Through the engagement undertaken by the Fiduciary Manager, the Trustee expects investment managers to sign up to local Stewardship Codes and to act as responsible stewards of capital as applicable to their mandates. The Fiduciary Manager considers the investment managers’ policies and activities in relation to Environmental, Social and Governance (ESG) and stewardship both at the appointment of a new manager and on an ongoing basis. The Fiduciary Manager engages with managers to improve their practices and may terminate a manager’s appointment if they fail to demonstrate an acceptable level of practice in these areas. However, no managers were terminated on these grounds during the year. 

The Scheme is invested across a diverse range of asset classes which carry different ownership rights, for example fixed income whereby these holdings do not have voting rights attached. All the Plan’s equity holdings as at the end of the Plan year were held with Towers Watson Investment Management (“TWIM”) through the Core Diversified Fund (“CDF”). The Towers Watson Secure Income Fund invests into investment trusts and limited partnerships managed by third party managers.  These vehicles in turn invest into private holdings in assets such as real estate and infrastructure with no voting rights. Therefore, voting information was only requested from the Scheme’s equity managers accessed through the TWIM CDF with an associated right to vote as an ultimate owner of a stock. Responses received are provided in the table below and cover the period 1 April 2020 to 31 March 2021. Where managers provided multiple examples of “significant votes”, the top three by quoted weight have been shown below.  

Voting table – Equity managers accessed through the TWIM Core Diversified Fund

Voting activity

Number of votes eligible to cast: 16,874

Percentage of eligible votes cast: 100%

Percentage of votes with management: 74.7%

Percentage of votes against management: 24.7%

Percentage of votes abstained from: 0.6%

Percentage of votes contrary to proxy recommendation: 1.1%

Most significant votes cast


SF Holding

Great Wall Motor

Goodman Group

Size of holdings





Authority to give guarantees for Company’s wholly owned subsidiary to issue debt financing overseas

Amendments to Articles of Association

Advisory vote to ratify named executive officers’ compensation

Decision /Vote




Rationale for decision

The strong volume growth and expansion in overseas market needs the capital support. Management’s track record in capital allocation management allocation is solid. The size and price discount of this equity placement is reasonable.

Shortened notice period as shareholders should be given enough time to consider items before general meetings

This item does not merit support as SSGA has concerns with the proposed remuneration structure for senior executives at the Company

Rationale for classifying as significant

Vote against provider recommendations

Against management

Vote against management

Note: Information in the table above is provided as at 31 March 2021. The managers included represented 35% of the total TWIM CDF allocation as at 31 March 2021.

Industry wide / public policy engagement:

As mentioned in the SIP, the Fiduciary Manager has partnered with EOS at Federated Hermes (EOS) to undertake public policy engagement on behalf of its clients (including the Trustee). This public policy and market best practice engagement is done with legislators, regulators, industry bodies and other standard-setters to shape capital markets and the environment in which companies and their investors operate, a key element of which is risk related to climate change. The Fiduciary Manager represents client policies/sentiment to EOS via the Client Advisory Council, of which WTW are currently the chair. Engagement activities by EOS on public policy over the year included:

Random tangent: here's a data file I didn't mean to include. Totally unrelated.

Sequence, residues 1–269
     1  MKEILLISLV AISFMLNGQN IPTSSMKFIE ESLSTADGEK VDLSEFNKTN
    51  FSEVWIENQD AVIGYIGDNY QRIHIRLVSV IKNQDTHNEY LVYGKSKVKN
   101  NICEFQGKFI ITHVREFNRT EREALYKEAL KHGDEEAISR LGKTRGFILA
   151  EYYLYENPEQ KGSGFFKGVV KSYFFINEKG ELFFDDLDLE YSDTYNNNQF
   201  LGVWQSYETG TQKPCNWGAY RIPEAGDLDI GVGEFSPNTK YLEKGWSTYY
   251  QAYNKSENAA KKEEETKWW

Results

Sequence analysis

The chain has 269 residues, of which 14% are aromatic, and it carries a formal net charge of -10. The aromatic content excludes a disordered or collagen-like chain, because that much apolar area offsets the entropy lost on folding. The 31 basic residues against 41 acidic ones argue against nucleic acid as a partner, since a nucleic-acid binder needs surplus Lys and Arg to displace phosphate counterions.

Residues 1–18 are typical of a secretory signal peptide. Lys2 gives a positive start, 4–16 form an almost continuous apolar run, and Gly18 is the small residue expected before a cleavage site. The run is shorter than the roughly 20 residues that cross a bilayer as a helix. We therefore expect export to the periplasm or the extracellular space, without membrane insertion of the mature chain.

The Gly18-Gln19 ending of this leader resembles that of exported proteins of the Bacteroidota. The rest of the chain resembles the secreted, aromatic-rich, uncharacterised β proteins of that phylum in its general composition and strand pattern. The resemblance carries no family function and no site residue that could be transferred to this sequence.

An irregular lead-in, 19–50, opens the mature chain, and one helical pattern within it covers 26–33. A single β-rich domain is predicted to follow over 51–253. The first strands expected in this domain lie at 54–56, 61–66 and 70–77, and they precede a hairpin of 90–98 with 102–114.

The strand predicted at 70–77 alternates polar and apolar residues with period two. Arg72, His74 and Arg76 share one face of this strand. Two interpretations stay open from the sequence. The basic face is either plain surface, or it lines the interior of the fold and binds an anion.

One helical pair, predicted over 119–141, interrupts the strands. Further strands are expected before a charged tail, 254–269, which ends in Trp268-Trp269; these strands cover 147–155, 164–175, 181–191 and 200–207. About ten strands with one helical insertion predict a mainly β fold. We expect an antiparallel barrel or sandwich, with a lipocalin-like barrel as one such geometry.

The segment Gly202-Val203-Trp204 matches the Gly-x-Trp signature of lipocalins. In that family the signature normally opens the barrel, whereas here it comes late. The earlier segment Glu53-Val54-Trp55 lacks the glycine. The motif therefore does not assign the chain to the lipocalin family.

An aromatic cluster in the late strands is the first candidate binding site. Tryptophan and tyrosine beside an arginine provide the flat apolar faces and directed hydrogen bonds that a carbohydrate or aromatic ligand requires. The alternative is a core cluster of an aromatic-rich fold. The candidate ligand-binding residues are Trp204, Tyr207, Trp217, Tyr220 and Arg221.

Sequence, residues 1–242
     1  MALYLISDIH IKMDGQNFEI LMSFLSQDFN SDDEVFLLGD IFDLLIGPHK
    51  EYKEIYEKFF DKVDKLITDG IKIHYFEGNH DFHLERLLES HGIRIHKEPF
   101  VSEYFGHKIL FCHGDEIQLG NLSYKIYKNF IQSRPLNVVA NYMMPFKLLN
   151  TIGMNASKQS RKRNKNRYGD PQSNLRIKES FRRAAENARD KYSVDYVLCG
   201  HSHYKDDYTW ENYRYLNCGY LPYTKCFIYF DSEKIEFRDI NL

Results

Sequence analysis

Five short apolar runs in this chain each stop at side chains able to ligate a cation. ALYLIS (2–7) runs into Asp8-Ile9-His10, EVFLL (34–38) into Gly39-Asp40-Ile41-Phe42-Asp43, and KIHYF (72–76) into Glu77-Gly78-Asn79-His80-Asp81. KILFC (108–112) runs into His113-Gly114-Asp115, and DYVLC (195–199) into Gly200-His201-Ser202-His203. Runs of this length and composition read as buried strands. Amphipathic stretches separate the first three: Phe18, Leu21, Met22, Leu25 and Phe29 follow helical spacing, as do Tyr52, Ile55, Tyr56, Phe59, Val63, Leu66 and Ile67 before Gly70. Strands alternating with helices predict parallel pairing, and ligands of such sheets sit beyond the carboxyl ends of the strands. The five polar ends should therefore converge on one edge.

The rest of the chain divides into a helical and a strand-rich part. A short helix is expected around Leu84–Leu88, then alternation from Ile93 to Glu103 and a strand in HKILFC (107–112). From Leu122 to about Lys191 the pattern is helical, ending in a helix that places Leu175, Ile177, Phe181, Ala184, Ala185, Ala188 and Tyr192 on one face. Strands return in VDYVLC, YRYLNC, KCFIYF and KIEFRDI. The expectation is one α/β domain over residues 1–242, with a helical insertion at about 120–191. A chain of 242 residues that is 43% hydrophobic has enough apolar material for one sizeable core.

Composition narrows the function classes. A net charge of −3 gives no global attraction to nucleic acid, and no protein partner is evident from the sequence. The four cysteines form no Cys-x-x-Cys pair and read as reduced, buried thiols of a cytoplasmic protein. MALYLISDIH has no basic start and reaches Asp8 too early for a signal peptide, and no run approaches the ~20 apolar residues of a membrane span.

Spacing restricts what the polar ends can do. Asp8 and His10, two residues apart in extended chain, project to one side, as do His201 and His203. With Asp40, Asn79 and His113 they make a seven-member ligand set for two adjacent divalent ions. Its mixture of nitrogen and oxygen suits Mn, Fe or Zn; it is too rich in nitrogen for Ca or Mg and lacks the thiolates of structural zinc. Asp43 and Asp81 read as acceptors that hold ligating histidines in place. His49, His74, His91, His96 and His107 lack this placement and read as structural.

• 52 consultation responses or proactive equivalents (such as a letter), and 173 discussions held with relevant regulators and stakeholders during 2020;
  • Climate Action 100+, an investor initiative aiming to ensure the world’s largest corporate greenhouse gas emitters take necessary action on climate change, where EOS lead or co-lead 30 engagements and support another 14;
  • Working closely with the Principles for Responsible Investment (‘PRI’), including leading the engagement with Vale on tailings dam failure, and actively involved in other groups, including cyber risk, water stress, cattle deforestation, palm oil, plastics, cobalt and tax;
  • Close collaboration with significant investor initiatives including Investors for Opioid & Pharmaceutical Accountability, Investor Alliance for Human Rights, Plastics Solutions Investor Alliance, 30% Club, and Investor Initiative on Mining & Tailings Safety.

The Fiduciary Manager is also engaged in a number of industry wide initiatives and collaborative engagements including:

  • Being a Tier 1 signatory of the 2012 UK Stewardship Code and submitting its first annual report to the 2020 UK Stewardship Code;
  • Being a signatory of the Principles for Responsible Investment (PRI) and active member of their Stewardship Advisory Committee;
  • Being a member of and contributor to the Institutional Investors Group on Climate Change (IIGCC), Asian Investors Group on Climate Change (AIGCC), and Australasian Investors Group on Climate Change (IGCC);
  • Founding the Coalition for Climate Resilient Investment (with the World Economic Forum);
  • Co-founding the Investment Consultants Sustainability Working Group;
  • Continuing to lead collaboration through the Thinking Ahead Institute and Willis Research Network.

5. Conclusion

The Trustee considers that all SIP policies and principles were adhered to during the year.